‘Heroes of 71: Retaliation’ is an Android game that rewards players for killing Pakistani soldiers as it attempts to take the Bangladeshi youth on a ride of nostalgic patriotism.
Sponsored partly by two Bangladeshi government agencies – ICT Division and the Bangladesh Computer Council – the game was released on Bangladesh’s birth anniversary in 2016.
The third person shooter takes the players on a journey to relive Bangladesh’s bloody past, and in the process proves to be an agent of catharsis for all the pent-up anger from the time of the country’s Independence struggle.
The Bangladesh Awami League, the current ruling party of the country under the leadership of Sheikh Mujibur Rahman played a crucial role in the Independence struggle of the South-East Asian nation, and if the game is anything to go by, the party looks in no mood to let its efforts be forgotten by history.
History Retold or State Sponsored Propaganda?
The government funded video game attempts to evoke memories of the Pakistan army’s excesses that gave birth to an uprising of the Bengali-speaking population of the nation. As history books would tell us, this mass uprising – later aided by Indira Gandhi’s tanks during the 1971 Indo-Pak war – had ultimately led to the creation of Bangladesh.
Playing on a plot set on the backdrop of the the 1971 Bangladesh genocide, ‘Heroes of 71: Retaliation’ appeals to a generation which grew up listening to tales of brutalities of Pakistan military’s failed bids, such as Operation Searchlight.
What is the Game Like?
The game – a sequel to ‘Heroes of 1971’– has far superior graphics than its predecessor, according to a review by 1843 Magazine, and features new characters, including Anila, a saree-clad female Guerilla fighter who is seen wielding a gun and killing Pakistani Army personnel.
Towards the later part of the game, players even get the chance to punish members of East Pakistan’s right wing fundamentalist parties who collaborated with the Pakistani army during the tumultuous period leading up to Bangladesh’s Independence.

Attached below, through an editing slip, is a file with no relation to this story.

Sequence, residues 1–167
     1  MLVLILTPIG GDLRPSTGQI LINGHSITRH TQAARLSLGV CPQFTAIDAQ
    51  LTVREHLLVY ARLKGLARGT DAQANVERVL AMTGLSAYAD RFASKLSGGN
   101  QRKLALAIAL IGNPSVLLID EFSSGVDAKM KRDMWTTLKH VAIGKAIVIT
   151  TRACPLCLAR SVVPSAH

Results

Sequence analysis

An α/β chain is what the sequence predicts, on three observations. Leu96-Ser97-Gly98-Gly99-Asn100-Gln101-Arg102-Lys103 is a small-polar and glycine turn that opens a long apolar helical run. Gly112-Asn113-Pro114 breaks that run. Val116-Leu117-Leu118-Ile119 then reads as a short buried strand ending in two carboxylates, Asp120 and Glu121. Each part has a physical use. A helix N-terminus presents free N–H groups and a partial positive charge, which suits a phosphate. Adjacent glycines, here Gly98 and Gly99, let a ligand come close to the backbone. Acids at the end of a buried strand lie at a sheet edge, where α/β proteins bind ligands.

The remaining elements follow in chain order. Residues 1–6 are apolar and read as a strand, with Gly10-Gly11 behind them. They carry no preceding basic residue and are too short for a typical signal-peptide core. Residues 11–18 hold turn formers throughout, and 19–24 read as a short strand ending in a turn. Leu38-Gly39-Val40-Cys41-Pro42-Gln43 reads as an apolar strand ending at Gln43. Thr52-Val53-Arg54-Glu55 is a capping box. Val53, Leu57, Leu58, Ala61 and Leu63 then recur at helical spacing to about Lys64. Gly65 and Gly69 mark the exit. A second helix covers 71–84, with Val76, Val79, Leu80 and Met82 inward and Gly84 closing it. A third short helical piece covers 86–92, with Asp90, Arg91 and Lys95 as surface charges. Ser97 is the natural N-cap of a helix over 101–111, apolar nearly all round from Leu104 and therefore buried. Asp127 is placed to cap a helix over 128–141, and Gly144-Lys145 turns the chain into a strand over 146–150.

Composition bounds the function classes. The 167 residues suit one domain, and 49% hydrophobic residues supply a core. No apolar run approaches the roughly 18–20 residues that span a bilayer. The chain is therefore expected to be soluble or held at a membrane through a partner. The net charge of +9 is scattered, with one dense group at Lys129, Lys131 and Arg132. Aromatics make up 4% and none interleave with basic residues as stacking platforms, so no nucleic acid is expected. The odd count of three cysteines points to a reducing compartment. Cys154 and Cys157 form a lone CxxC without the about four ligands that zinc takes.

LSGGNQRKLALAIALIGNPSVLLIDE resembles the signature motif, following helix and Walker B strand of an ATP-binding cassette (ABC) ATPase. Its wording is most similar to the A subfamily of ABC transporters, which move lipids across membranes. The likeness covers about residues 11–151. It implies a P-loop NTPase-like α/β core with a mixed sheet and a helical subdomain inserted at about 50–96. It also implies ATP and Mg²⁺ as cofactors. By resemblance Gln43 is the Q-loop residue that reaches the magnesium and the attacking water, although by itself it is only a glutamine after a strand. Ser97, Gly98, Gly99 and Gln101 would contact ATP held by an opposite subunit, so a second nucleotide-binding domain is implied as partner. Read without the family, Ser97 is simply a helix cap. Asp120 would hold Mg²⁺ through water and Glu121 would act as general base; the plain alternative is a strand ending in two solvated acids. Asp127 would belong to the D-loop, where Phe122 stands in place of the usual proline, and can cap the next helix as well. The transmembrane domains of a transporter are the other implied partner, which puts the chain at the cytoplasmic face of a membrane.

And from what it looks like, the Bangladeshi youth is relishing the opportunity to kill enemy soldiers, even if it is virtual.
Reviewing the game on Google Play, a player said:
Azmayen Khan1971, I must say is not only a game which proves there are people who love the country. It teaches us how the people of our country fought with enemies. And a big thank you to those who made this game . Well I would like to add this game is success already.
Use of Nostalgic Patriotism To Win Votes
Similar reviews suggest that the strong dose of patriotic nostalgia has helped the game become a hit. Data shows the game since its release in 2016 has been downloaded an impressive 4 million times.
But perhaps what is of greater significance are the dividends that the government-backed game is paying off for the country’s ruling party.
Awami League, which over the decades has remained locked in a fight for the the control of the country with the right wing Bangladesh Nationalist Party (BNP) – an ally of Jamaat-e-Islami – a party which had opposed Independence, is proving to be the real winner as ‘Heroes of 71’ has helped it reach out to a new generation of voters by reminding them of the party’s role in the country’s existence.
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